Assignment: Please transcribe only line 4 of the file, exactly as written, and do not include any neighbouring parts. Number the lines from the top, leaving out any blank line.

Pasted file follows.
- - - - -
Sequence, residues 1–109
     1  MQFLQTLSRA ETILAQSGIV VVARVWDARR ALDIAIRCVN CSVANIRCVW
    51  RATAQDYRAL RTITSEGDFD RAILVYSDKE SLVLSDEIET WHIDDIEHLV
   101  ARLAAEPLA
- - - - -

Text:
   101  ARLAAEPLA